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Prescott is a genteel frontier town with grit. This city is proud of its Western heritage: Lawmen Virgil Earp and Doc Holliday, both lived here prior to their famous shoot-out at the OK Corral, and Prescott has lovingly preserved a number of saloons, hotels, and other historic buildings that lend the city a distinct cowboy vibe. But Prescott isn’t a Western movie set — you’ll also find elegant Victorian homes, two colleges, and a robust punk music scene. The town is cradled by the 1.25 million acres of Prescott National Forest, where hiking, rock climbing, and hang gliding thrive. Like Prescott, the forest is multifaceted, offering both classic desert landscapes and pine-forested mountains.
The closest major airport to Prescott is Phoenix Sky Harbor International Airport (PHX), around 100 miles to the south. Once you’ve landed, a rental car is the most convenient way to get around Prescott and surrounding attractions. However, Ride Prescott provides free, seasonal shuttle service that circles downtown and stops at local businesses.
At an elevation of 5,400 feet, Prescott enjoys a cooler climate than much of Arizona. June through August are still hot, with temperatures in the mid to high 80s Fahrenheit. September and October, as well as April and May, offer more moderate temperatures ranging from the high 60s to low 80s. From November through March you can expect temperatures in the 50s. During the summer, Prescott experiences a monsoon season, with the most rain falling in July and August, and flash floods can occur. Pay close attention to the weather and plan accordingly — you will probably need layers and possibly rain gear.
The desert meets the mountains in Prescott National Forest, where a Sonoran landscape of cactus, yucca, and juniper gives way to mountains enrobed in ponderosa pine. Equestrians, mountain bikers, and off-roaders flock to the park for its 450 miles of trails, but perhaps the biggest draw is Lynx Lake. The 55-acre, pine-ringed shoreline attracts fishermen, boaters, and birdwatchers looking for a mountain getaway. Rental boats are available at the Lynx Lake Store and Marina, which also runs a cute, cabin-esque cafe where you can snag avocado toast and Micheladas made with Arizona brews.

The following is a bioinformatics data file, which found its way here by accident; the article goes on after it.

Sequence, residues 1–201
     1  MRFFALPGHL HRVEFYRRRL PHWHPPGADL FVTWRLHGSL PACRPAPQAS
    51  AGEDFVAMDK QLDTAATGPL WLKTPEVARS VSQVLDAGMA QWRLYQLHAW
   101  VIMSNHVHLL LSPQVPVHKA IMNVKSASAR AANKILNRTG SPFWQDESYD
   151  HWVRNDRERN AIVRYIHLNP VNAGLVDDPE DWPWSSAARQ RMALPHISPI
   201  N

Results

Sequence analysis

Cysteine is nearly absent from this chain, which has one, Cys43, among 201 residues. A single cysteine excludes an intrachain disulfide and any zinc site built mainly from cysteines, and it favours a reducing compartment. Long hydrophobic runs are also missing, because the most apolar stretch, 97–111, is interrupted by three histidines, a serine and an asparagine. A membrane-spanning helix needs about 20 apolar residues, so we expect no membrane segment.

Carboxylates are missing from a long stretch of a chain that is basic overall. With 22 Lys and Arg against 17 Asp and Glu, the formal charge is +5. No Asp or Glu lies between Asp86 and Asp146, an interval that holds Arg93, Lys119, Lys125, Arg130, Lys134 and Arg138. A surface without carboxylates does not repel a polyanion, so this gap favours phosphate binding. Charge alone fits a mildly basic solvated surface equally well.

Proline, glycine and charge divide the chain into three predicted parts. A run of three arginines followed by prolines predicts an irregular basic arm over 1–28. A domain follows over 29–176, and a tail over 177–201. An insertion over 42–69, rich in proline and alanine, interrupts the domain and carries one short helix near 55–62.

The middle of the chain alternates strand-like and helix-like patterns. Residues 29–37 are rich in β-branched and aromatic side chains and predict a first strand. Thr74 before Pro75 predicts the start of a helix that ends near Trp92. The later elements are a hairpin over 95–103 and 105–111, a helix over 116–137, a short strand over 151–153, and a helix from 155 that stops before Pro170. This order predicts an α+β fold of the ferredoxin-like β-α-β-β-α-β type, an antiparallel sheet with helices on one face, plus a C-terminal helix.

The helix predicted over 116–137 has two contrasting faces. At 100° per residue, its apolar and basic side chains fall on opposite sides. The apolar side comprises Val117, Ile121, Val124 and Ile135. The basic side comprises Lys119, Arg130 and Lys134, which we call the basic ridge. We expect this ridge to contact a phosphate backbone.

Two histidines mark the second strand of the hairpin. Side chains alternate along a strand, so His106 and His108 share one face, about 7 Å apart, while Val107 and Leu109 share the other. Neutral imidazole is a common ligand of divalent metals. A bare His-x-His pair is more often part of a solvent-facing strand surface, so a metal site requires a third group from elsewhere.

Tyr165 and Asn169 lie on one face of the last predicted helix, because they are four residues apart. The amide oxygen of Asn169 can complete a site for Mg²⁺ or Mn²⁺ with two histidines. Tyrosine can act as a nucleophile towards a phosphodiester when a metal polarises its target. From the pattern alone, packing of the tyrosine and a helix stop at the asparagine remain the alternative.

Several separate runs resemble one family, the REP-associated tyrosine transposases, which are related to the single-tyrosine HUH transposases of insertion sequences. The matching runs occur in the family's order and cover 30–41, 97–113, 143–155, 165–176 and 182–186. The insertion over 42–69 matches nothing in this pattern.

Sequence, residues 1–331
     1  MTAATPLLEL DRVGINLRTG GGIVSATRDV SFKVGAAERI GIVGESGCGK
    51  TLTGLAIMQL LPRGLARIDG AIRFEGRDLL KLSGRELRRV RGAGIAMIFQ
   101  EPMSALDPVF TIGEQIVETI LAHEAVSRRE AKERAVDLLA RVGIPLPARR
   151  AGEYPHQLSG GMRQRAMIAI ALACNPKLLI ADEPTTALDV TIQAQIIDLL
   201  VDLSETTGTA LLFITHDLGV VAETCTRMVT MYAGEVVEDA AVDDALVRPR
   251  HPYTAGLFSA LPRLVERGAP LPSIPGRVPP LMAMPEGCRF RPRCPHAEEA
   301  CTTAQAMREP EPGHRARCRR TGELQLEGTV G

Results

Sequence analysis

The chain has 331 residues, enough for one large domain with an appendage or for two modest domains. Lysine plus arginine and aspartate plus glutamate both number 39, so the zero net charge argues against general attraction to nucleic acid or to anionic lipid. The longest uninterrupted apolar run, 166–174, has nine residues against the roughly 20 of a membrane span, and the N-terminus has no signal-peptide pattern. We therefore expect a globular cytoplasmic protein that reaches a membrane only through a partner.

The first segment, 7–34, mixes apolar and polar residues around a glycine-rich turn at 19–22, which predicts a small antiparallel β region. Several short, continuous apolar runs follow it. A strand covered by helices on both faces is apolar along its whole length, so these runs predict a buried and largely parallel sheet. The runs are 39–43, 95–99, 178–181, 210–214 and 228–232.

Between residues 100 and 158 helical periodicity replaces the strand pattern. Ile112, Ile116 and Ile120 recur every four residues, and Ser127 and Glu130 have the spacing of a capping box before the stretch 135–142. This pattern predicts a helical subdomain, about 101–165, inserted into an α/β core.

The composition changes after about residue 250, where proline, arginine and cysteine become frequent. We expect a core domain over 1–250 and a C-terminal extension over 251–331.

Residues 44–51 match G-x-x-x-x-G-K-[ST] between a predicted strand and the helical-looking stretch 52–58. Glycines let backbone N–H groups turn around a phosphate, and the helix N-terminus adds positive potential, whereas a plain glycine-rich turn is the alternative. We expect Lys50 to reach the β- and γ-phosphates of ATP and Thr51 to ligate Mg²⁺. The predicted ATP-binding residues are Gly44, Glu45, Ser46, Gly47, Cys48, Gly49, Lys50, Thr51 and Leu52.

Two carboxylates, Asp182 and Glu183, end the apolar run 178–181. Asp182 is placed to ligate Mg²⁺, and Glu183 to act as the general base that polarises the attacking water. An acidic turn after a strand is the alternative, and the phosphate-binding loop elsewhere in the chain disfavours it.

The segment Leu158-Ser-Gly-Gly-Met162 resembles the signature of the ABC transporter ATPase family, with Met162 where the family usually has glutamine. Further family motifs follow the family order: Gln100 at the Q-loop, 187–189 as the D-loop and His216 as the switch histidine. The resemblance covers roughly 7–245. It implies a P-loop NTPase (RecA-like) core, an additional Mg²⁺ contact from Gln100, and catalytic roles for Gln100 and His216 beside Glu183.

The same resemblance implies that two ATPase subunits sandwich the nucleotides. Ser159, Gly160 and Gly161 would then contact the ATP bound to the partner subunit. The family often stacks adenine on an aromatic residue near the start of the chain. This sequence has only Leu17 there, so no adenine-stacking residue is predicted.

In 1900 a devastating fire destroyed downtown Prescott’s notorious Whiskey Row, so dubbed for the plethora of saloons lining the street. Legend holds that cowboys yanked a 24-foot-long oak bar from the Palace Saloon and finished their drinks across the street as they watched the wooden buildings burn. This unflappable spirit (and thirst) is undoubtedly what inspired the town to rebuild, and a new Palace Saloon — made of brick — opened in 1901, alongside a number of other resurrected establishments. You can still enjoy a whiskey at the Palace, which is the state’s oldest continuously operating business. Whiskey Row retains its name and Western style, but many of the former watering holes have since been remade into art galleries.
This museum’s namesake is a woman who was fiercely independent for her times. Sharlot Hall, born in 1870, criss-crossed the region soliciting signatures to admit Arizona to the Union as its own state rather than combine it with New Mexico. Determined to preserve Arizona history, she founded her museum in 1928. Her unique vision included acquiring significant buildings and moving them onto the museum grounds. Here you can visit 11 historical structures, including a 1864 log cabin that was once the Governor’s Mansion and the evocatively named Fort Misery, the oldest surviving cabin in Arizona.